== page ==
64 Jean-Marie De Koninck
the smallest number which is not the sum of five non zero distinct squares
(R.K. Guy [101], C20).
246
the third number n such that σ2(n) is a perfect square: we indeed have
σ2(246) =
2902
(see the number 42).
248
the smallest solution of σ(n) = σ(n + 37); the sequence of numbers satisfying
this equation begins as follows: 248, 302, 345, 518, 1142, 1298, 2108, 2174,
2505, 2678, 4604, . . .
249
the ninth number n such that n ·
2n
1 is prime (see the number 115).
250
the fourth solution of φ(n) = γ(n)2 (see the number 108).
251
the smallest number which can be written as the sum of three cubes in two
distinct ways: 251 =
13
+
53
+
53
=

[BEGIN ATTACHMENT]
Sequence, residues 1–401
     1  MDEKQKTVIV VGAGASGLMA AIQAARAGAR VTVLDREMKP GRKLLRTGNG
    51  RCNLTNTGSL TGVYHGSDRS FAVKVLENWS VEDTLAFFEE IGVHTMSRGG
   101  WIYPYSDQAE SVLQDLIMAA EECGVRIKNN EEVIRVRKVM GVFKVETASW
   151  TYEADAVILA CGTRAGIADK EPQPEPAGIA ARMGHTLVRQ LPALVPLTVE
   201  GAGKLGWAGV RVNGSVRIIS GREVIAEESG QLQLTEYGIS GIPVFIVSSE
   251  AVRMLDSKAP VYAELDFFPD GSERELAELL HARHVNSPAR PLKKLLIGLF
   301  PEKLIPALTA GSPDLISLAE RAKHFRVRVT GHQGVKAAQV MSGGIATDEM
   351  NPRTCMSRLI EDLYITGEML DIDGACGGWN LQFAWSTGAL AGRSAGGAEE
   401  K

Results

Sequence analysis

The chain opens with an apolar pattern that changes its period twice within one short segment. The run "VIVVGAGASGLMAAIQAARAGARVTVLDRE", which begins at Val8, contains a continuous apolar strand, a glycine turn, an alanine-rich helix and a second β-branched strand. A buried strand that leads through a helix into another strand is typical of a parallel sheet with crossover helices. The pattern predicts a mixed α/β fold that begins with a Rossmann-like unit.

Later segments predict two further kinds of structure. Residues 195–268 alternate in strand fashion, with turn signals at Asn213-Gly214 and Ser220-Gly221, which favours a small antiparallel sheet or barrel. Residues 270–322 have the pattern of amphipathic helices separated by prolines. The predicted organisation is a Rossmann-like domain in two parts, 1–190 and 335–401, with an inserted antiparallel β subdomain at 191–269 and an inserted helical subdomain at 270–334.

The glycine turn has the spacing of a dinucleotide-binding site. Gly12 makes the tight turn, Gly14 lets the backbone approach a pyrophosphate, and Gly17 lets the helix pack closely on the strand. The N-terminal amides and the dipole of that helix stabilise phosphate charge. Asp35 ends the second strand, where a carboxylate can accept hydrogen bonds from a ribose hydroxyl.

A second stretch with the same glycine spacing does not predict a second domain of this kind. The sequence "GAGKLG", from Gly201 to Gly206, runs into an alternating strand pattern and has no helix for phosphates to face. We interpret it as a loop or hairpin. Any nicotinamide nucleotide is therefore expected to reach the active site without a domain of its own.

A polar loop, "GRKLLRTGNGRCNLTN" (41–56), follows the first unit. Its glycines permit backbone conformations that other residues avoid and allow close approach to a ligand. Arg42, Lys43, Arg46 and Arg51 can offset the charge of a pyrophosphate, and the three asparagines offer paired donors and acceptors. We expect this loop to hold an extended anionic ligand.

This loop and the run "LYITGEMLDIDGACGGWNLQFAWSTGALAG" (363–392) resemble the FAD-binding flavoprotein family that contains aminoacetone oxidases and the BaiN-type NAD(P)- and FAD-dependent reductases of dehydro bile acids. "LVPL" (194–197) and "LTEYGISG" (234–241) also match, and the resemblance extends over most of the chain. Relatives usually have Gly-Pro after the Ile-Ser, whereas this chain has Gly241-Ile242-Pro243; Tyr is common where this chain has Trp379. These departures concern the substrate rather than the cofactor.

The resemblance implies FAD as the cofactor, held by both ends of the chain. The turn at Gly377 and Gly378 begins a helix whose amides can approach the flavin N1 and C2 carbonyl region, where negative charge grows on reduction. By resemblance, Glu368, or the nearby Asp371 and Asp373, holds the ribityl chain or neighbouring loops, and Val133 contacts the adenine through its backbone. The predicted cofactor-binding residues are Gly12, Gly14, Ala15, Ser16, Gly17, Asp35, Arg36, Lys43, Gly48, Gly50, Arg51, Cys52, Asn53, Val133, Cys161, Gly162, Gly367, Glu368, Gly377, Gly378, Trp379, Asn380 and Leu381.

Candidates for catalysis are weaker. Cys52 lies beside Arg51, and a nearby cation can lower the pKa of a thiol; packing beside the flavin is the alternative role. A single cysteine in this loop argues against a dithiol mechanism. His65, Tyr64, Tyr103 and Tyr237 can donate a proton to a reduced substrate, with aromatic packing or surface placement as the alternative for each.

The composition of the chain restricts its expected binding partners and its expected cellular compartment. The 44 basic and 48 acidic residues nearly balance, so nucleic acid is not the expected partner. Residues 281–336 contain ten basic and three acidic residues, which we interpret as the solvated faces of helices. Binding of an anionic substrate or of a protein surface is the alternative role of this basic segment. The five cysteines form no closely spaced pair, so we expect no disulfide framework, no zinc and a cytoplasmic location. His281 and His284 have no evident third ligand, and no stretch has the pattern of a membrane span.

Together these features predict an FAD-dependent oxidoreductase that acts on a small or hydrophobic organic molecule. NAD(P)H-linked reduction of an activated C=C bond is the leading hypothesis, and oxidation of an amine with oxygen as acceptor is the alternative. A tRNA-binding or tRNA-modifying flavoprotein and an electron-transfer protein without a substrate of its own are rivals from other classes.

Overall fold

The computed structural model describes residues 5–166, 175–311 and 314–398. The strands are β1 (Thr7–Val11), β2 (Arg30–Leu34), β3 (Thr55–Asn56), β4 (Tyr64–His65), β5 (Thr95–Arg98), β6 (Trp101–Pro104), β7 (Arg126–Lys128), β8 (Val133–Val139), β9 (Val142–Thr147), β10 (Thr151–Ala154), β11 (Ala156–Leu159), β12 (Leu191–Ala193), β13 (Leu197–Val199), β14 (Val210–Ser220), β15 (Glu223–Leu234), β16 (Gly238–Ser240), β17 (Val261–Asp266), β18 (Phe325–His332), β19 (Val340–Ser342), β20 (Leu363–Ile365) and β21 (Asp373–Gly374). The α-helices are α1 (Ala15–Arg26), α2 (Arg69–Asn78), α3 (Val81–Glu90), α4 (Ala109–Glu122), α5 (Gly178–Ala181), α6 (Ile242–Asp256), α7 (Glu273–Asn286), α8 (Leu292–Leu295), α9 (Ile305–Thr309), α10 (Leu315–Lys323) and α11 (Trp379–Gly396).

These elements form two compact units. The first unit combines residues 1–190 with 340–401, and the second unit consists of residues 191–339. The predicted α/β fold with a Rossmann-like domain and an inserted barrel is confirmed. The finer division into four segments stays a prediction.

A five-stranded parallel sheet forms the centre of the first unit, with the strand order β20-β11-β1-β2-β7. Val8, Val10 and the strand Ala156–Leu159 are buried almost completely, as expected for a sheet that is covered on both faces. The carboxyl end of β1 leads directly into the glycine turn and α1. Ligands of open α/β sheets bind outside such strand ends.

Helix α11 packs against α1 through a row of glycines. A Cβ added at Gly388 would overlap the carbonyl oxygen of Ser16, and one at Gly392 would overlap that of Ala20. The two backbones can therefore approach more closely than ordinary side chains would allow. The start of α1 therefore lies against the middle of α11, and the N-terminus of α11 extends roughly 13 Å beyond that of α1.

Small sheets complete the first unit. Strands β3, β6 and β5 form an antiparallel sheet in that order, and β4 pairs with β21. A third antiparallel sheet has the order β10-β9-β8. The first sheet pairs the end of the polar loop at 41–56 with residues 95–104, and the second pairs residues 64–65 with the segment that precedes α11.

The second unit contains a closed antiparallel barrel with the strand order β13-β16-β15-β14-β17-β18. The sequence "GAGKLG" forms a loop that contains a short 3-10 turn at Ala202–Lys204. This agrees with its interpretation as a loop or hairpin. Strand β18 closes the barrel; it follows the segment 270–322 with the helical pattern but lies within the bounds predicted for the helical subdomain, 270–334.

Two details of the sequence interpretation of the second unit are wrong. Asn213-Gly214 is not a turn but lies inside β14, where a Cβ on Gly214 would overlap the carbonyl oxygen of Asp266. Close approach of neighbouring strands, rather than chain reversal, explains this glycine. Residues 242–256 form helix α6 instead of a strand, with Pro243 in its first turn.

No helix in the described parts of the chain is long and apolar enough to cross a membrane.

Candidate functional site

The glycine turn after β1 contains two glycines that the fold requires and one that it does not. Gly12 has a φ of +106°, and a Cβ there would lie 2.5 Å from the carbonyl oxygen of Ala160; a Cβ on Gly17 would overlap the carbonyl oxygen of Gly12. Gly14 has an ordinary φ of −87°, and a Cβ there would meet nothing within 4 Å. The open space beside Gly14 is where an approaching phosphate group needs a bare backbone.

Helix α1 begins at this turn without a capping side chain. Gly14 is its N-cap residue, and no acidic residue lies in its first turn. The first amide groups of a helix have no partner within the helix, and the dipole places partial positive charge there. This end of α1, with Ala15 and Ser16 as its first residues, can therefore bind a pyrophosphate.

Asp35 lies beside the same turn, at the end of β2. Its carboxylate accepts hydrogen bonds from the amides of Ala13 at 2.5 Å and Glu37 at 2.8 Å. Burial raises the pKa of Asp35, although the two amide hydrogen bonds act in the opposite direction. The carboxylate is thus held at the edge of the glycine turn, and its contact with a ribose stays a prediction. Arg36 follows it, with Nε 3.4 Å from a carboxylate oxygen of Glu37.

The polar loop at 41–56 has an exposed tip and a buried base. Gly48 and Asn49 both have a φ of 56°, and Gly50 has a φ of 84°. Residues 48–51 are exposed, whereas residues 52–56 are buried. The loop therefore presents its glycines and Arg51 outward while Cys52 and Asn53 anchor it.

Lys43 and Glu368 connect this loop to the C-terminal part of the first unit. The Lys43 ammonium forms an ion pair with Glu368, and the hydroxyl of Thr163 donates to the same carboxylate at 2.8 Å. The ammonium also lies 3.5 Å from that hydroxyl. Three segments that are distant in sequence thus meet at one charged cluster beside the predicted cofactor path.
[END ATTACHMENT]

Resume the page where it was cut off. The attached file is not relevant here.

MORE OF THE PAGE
23
+
33
+
63
(see the number 1 009);
the third positive solution x of the diophantine equation
x2
+ 999 =
y3
(R.
Steiner): the only positive solutions (x, y) of this diophantine equation are
(1, 10), (27, 12), (251, 40), (1 782, 147), (2 295, 174) and (3 370 501, 22 480).
255
the number of Carmichael numbers
108
(Poulet, 1938); see the number 646;
the seventh solution of φ(n) = φ(n + 1) (see the number 15).
256
the largest known power of 2 which can be written as a sum of distinct powers
of 3: here 256 =
28
=
35
+
32
+ 3 + 1 (see R.K. Guy [101], B33).
257
the fourth Fermat number: 257 =
223
+ 1; the first three are 3, 5 and 17;
the smallest number n such that φ8(n) = 2, where φ8(n) stands for the eighth
iteration of the φ function (see the number 137).
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